GAINESVILLE - A Sugar Hill man regarded as the Mr. Wizard of Northeast Georgia's methamphetamine labs was sentenced to 25 years in federal prison Friday.
Many meth manufacturers busted today attribute Randall Land Scott with teaching them to "cook" the toxic blend of mostly household chemicals, authorities said.
Scott, 49, will serve a quarter-century in a federal prison, followed by 10 years of supervised release, for heading meth labs in Cherokee, Hall, Jackson and Lumpkin counties.
He was also ordered to pay $13,000 to the DEA as compensation for the cost of cleaning up several meth manufacturing sites. Co-defendants described Scott as the "money man" behind the illegal operation.
Lumpkin County Sheriff Mark McClure said three pounds of the drug were discovered at one of Scott's rural labs - the biggest meth bust in the county's history.
"To this day, many of the methamphetamine manufacturers whom we arrest still talk of Scott as one who taught them the manufacturing process," McClure said.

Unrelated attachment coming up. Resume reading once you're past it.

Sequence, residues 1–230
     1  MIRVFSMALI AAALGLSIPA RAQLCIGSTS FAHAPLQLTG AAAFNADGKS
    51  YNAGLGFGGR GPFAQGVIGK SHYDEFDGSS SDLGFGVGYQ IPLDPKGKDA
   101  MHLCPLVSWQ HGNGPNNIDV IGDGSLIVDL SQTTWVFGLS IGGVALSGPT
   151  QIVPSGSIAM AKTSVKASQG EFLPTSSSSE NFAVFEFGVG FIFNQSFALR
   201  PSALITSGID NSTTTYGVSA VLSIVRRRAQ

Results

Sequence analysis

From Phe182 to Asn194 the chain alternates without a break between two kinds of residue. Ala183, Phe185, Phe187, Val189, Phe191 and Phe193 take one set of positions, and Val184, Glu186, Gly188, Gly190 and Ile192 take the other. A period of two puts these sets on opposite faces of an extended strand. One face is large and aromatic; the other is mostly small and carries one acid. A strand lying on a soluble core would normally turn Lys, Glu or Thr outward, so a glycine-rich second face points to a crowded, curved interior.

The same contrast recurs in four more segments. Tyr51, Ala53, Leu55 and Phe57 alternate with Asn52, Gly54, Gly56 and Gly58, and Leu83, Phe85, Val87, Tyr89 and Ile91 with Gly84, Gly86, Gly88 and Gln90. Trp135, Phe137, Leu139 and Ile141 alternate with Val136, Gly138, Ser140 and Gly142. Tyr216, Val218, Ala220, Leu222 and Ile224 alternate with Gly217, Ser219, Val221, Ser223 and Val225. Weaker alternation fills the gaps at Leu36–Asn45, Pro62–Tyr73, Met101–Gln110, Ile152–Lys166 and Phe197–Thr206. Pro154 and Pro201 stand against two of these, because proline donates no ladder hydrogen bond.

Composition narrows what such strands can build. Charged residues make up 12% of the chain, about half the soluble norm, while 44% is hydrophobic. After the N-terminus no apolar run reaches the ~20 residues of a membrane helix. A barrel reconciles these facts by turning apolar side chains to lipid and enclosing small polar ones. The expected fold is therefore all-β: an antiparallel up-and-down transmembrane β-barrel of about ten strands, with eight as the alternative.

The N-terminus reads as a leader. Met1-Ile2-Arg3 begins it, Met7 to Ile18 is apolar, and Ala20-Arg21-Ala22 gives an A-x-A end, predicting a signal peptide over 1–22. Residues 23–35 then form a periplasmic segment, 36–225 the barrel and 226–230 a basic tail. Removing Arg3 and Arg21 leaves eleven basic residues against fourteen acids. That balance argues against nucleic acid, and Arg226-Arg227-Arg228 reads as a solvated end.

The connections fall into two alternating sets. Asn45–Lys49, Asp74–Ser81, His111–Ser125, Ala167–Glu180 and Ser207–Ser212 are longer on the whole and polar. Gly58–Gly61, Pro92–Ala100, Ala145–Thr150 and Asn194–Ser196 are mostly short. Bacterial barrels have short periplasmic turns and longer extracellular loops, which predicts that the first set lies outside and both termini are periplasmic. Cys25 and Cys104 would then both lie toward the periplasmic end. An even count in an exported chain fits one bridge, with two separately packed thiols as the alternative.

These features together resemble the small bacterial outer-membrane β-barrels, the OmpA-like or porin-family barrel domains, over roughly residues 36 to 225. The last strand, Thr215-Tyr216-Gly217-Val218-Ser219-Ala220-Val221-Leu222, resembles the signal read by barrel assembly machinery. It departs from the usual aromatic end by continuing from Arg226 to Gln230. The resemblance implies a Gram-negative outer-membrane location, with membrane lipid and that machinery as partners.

Scott pleaded guilty Oct. 31 to charges of manufacturing meth and storing chemicals to make the drug.
On Friday, a federal judge also sentenced Scott's son, Jeremy Scott, 25, to 10 years in prison for his involvement in the operation.
The investigation commenced in February 2002, when GBI agents found a building in downtown Canton loaded with the telltale ingredients of a meth lab - cans of starting fluid, muriatic acid, ammonia, toluene, coffee filters, lithium batteries and other components of methamphetamine, according to court documents.
Investigators later tied Scott to the lab when a co-defendant told them Scott and his son had cooked meth there and in Lumpkin County. The cooperative witness also took agents to a storage unit in Oakwood, where Scott and his son were arrested.
"(Randall) Scott and his associates were primarily responsible for a large number of meth laboratories located in Northeast Georgia," U.S. Attorney General David Nahmias said. "This sentence removes a very dangerous teacher from our community."